What She Could

       Susan Warner / Young Adult

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What She Could
WHAT SHE COULD.

BY THE AUTHOR OF

”THE WIDE WIDE WORLD,” &c.

LONDON:

JAMES NISBET & CO., 21 BERNERS STREET.

MDCCCLXXI.



”WHAT SHE COULD.”

CHAPTER I.

”Girls, there's a Band!”

”A what?”

”A Band--in the Sunday-School.”

”I am sure there is a careless girl in the house,” put in anotherspeaker. ”Go and wipe your feet, Maria; look at the snow you havebrought in.”

”But, mamma----”

”Go and get rid of that snow before you say another word. And you too,Matilda; see, child, what lumps of snow are sticking to your shoes. Wasthere no mat at the door?”

”There was a cold wind there,” muttered Maria, as she went to obeyorders. ”What harm does a little snow do?”

But while she went to the door again, her sister, a pretty, delicatechild of fewer years, stood still, and adroitly slipped her feet out ofthe snowy shoes she had brought in, which she put in the corner of thefireplace to thaw and dry off; the little stocking feet standingcomfortably on the rug before the blaze. It was so neatly done, themother and elder sisters looked on and could not chide. Neatness suitedthe place. The room was full of warm comfort; the furniture in niceorder; the work, several kinds of which were in as many hands, thoughlying about also on chairs and tables, had yet the look of order andmethod. You would have said at once that there was something good inthe family. The child in front of the fire told more for it. Herdelicate features, the refined look and manner with which she stoodthere in her uncovered feet, even a little sort of fastidious gracewhich one or two movements testified, drew the eyes of mother andsisters, and manifestly stopped their tongues; even called forth asmile or two.

”What is all this Maria is talking about, Matilda?”

”Why, we have been to the Sunday-School meeting, mamma.”

”I know that; and it was not a night fit for you to go. What everpossessed you and Maria?” remarked one of the sisters.

”Why, Mr. Richmond wanted to see all the Sunday-School,” said Matilda,thoughtfully. ”He wanted you too, I suppose; and you were not there.”

”There is no use in having a meeting such a night. Of course, a greatmany people could not be there. It ought to have been put off.”

”Well, it was not put off,” said Matilda.

”What did he want? What was Maria talking about?”

”She is the best one to ask,” said the child.

At the same moment Maria came in from getting rid of the snow, andenquired if Tilly had told them everything? Finding all was right, shesat down contentedly before the fire and stretched out her feet towardsit.

”We've had a splendid time, I can tell you,” she began.

”What was done in particular?” asked one of the older girls, who wasmaking a bonnet. ”More than usual?”

”A great many things in particular, and one in general. We've made aBand.”

”I have made several since you have been away,” the other sisterremarked.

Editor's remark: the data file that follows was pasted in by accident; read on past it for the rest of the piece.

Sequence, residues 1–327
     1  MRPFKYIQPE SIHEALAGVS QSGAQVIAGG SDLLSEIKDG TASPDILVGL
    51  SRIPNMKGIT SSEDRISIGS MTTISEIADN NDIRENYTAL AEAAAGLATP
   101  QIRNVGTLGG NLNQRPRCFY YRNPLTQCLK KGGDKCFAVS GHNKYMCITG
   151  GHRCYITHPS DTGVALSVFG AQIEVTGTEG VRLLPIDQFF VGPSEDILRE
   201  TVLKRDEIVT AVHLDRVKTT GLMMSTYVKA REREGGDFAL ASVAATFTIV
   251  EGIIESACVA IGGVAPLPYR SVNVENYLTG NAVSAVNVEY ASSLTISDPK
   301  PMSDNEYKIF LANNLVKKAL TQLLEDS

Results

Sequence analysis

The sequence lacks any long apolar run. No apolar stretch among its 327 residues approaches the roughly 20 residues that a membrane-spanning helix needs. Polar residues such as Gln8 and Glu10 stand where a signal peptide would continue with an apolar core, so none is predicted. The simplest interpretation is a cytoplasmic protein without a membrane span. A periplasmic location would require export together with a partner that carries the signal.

”You know we cannot understand that unless you explain,” said thebonnet-maker.

”You must let Maria take her own manner,” said their mother.

”Well, now, I'll tell you all about it,” said Maria. ”There weren't agreat many people there, to begin with.”

”Of course not! such a night.”

”So there were plenty of empty benches, and it didn't look like ameeting at all, at first; and I wondered if it would come to anything;but then Mr. Richmond came in, and I saw _he_ meant something.”

”Mr. Richmond always does mean something,” interrupted Matilda.

”You hush, Tilly! Well, there were prayers first, of course; and thenMr. Richmond stood up in the aisle, and said he wanted to know how manyof us all there were willing to be really good.”

”The servants of Christ, he said,” Matilda explained.

”Yes, the servants of Christ, of course; and he said he didn't know anybetter way to get at it than that we should all stand up.”

A burst of laughter from all Maria's audience a little confused her.Only Matilda looked gravely at her sister, as if she were making badwork of it. Maria coloured, stammered, and began again.

”You all know what I mean! You know what I mean, mamma? Mr. Richmonddid not say that we should _all_ stand up.”

”Then why did you say it?”

”I thought you would understand. He said that all those should standup, so that he might see who they were, who were willing to be realworkers for Christ; those who were willing to give themselves to theLord, and to do everything or anything he gave them to do for Him. Sowe stood up, and Mr. Richmond went round and took our names down.”

”Everybody who was there?”

”Why, no!--those who were willing to do as Mr. Richmond said.”

”Did _you_ stand up?” asked one of her sisters.

”Yes; I did.”

”Who else?”

After a pause----

”Oh, a great many people! All the members of the church, of course; andthen a good many more that aren't. Esther Trembleton rose, and AilieSwan, and Mattie Van Dyke, and Frances Barth, and Mrs. Rice. And littleMary Edwards, she was there, and she rose, and Willie Edwards; and Mr.Bates got up and said he was happy to see this day. I think he wasready to cry, he was so glad.”

”And is this the 'Band' you spoke of?”

”This is the Sunday-School Working Band; that is what Mr. Richmondcalled it.”

”What work are you going to do?”

”I don't know! Mr. Richmond said he could not tell just yet; but we areto have meetings and all sorts of things. And then Mr. Richmond talked.”